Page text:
To prepare the dough, I put the ice cold water (the 20% portion) into the mixer bowl of my basic KitchenAid stand mixer (with a C-hook), along with the salt, which I stirred to dissolve in the water, about one minute. I then stirred the IDY into the remaining water. I did this since I wanted to be sure that the IDY would be dispersed uniformly throughout the entire dough, which it might not have done if I had added such a small amount of yeast directly to the flour. I then added the IDY/water mixture to the mixer bowl. The flour was then gradually added to the mixer bowl and, using the stir speed, mixed into the water, about 2 minutes. I used a thin bladed plastic spatula to help move the flour into the path of the C-hook. After about two minutes, I stopped the mixer and hand kneaded the ingredients together to form a rough dough ball. The dough ball was then kneaded for about 5 minutes at speed 2. After doing about a minute of final hand kneading and shaping the dough into a nice round ball, I brushed it very lightly with olive oil and placed it into a lidded Rubbermaid plastic storage container, which was then placed on my kitchen counter. The finished dough weight was 11.60 ounces, and the finished dough temperature was 69.6 degrees F.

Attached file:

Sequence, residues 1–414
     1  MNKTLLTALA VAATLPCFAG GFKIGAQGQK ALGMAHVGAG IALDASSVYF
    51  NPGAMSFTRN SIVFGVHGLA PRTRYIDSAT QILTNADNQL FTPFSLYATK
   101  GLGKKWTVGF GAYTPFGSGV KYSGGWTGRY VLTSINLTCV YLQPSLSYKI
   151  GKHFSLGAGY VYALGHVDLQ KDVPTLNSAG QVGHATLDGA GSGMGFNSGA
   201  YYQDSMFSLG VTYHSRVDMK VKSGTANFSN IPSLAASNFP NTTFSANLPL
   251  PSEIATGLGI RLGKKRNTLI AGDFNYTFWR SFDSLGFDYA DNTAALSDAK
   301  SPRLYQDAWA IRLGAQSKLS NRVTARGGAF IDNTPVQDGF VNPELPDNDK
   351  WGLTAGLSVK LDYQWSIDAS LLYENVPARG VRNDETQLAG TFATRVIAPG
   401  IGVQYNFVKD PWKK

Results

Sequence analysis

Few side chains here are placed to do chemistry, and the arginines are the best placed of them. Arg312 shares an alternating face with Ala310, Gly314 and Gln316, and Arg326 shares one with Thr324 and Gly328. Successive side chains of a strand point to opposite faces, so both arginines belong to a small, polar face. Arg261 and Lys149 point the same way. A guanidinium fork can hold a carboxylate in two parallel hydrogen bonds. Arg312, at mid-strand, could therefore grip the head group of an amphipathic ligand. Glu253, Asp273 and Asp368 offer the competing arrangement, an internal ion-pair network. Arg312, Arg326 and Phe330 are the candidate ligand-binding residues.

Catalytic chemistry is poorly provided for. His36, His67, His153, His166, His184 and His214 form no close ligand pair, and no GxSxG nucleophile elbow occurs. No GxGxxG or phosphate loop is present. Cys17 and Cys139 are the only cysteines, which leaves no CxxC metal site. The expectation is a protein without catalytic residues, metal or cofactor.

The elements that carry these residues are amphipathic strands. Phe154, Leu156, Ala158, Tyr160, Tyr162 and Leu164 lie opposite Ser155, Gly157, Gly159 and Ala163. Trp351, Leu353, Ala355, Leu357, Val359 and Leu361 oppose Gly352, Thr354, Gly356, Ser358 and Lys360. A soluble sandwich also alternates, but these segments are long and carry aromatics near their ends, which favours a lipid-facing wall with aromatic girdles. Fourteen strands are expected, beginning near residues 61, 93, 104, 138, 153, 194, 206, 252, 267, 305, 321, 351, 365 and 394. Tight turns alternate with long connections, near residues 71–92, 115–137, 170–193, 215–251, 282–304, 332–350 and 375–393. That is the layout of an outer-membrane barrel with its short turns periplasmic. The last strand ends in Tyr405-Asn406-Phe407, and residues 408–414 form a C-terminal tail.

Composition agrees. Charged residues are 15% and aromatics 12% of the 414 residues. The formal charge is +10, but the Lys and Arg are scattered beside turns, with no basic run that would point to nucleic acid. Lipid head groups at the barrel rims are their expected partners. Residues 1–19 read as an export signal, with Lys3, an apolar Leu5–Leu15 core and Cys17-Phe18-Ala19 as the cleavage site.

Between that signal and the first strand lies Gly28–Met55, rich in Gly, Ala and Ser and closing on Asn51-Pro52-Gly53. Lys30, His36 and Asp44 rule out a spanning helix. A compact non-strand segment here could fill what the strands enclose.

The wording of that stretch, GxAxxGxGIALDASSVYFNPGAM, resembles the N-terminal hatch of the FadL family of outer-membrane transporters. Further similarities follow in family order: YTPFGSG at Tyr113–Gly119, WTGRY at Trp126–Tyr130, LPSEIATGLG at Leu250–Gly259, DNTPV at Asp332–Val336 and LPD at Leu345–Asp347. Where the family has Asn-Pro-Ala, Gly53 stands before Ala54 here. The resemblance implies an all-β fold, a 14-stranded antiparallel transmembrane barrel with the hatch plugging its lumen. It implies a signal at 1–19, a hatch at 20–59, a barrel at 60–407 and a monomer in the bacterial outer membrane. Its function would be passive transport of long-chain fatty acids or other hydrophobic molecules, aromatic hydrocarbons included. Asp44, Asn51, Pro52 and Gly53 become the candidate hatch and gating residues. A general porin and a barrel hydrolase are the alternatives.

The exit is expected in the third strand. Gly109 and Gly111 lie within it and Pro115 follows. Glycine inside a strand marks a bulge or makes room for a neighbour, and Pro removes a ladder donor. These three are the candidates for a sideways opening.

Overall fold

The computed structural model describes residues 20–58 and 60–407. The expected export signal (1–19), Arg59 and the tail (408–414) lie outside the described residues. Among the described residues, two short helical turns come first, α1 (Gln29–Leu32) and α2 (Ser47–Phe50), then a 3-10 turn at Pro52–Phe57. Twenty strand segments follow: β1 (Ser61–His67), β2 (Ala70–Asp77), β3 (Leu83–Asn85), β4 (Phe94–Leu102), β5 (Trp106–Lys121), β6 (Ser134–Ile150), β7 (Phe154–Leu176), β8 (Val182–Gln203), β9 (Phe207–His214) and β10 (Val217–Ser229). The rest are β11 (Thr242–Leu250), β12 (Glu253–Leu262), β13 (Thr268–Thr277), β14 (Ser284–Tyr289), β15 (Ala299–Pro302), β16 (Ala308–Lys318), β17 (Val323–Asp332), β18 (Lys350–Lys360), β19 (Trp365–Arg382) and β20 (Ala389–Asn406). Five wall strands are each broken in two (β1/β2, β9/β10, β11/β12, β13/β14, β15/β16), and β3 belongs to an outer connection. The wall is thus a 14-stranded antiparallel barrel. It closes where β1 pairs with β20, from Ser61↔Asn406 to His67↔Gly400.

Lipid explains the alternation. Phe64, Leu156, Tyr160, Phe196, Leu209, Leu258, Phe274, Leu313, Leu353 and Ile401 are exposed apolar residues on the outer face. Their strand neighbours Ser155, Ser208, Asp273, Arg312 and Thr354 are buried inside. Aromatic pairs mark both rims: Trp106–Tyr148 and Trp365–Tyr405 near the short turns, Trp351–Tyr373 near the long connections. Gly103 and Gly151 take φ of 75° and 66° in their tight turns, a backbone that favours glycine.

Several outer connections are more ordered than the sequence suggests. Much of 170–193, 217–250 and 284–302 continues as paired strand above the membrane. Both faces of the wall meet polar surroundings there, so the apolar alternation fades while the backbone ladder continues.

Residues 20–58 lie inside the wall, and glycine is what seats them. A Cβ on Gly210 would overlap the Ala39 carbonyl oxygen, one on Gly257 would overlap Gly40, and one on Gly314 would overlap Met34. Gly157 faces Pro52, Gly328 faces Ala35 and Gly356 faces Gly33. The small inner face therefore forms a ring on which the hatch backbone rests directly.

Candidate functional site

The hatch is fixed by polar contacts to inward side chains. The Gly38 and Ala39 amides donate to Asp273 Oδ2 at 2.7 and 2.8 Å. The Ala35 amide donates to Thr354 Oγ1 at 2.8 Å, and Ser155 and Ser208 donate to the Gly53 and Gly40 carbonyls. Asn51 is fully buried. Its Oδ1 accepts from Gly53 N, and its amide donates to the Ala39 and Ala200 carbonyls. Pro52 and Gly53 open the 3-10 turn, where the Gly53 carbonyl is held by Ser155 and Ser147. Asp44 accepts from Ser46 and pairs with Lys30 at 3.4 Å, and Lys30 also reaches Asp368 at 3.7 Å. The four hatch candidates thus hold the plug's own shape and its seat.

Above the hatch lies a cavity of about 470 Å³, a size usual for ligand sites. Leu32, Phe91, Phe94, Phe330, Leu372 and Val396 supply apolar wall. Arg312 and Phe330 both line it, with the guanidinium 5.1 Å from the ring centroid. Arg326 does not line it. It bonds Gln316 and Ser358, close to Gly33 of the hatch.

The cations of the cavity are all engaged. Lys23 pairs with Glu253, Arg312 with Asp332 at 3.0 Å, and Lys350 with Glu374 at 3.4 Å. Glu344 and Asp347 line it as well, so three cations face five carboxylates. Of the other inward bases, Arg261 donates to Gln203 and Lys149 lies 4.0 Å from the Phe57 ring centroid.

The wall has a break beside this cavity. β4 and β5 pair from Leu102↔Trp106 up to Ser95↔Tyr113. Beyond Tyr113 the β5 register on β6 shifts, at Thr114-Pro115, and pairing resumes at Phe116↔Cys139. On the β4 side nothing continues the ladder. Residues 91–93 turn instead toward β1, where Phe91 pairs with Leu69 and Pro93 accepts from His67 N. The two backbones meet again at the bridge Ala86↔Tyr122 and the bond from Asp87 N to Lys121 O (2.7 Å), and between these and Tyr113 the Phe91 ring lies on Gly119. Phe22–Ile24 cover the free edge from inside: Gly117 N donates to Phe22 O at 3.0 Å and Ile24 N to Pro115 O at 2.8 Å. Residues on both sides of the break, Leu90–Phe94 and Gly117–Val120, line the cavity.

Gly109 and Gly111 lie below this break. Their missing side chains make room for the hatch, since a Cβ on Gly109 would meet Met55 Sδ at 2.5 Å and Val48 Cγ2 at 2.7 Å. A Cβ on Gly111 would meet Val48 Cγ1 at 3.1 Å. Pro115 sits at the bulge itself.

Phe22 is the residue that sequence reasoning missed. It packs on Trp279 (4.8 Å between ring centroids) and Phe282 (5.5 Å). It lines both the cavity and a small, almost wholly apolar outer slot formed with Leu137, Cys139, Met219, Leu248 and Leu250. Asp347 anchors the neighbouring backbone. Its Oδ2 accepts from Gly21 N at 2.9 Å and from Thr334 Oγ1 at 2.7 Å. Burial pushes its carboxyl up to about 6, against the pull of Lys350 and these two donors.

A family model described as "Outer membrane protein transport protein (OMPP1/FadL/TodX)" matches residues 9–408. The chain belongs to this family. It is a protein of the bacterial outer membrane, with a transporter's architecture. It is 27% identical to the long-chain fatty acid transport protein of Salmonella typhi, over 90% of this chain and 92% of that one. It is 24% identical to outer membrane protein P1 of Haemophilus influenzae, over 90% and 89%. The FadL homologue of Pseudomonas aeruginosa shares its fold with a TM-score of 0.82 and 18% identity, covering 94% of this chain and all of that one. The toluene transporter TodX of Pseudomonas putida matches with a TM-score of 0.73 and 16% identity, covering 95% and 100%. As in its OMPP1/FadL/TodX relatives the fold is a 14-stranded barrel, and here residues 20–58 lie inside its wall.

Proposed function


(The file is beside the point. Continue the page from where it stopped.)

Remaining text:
My original plan was to let the dough ferment at room temperature (about 65-68 degrees F) for about 8 hours. However, since member giotto, who was the source of most of the information on the Amici’s dough, said that a 24-hour room temperature ferment (at least) was used by Amici’s (see Reply 460 at http://www.pizzamaking.com/forum/index.php/topic,5541.msg51075.html#msg51075
), I decided to go with 24 hours, even if that turned out to be too long for the temperature of my kitchen. As it turned out, the dough better than doubled in volume over 12 hours. I then punched it down twice thereafter, at 18 hours and 22 hours, each time after the dough had about tripled in volume. Yet, the dough was elastic with good gluten development. The dough was used after about 25 hours of total fermentation time. The dough at that juncture is shown in the first photo below.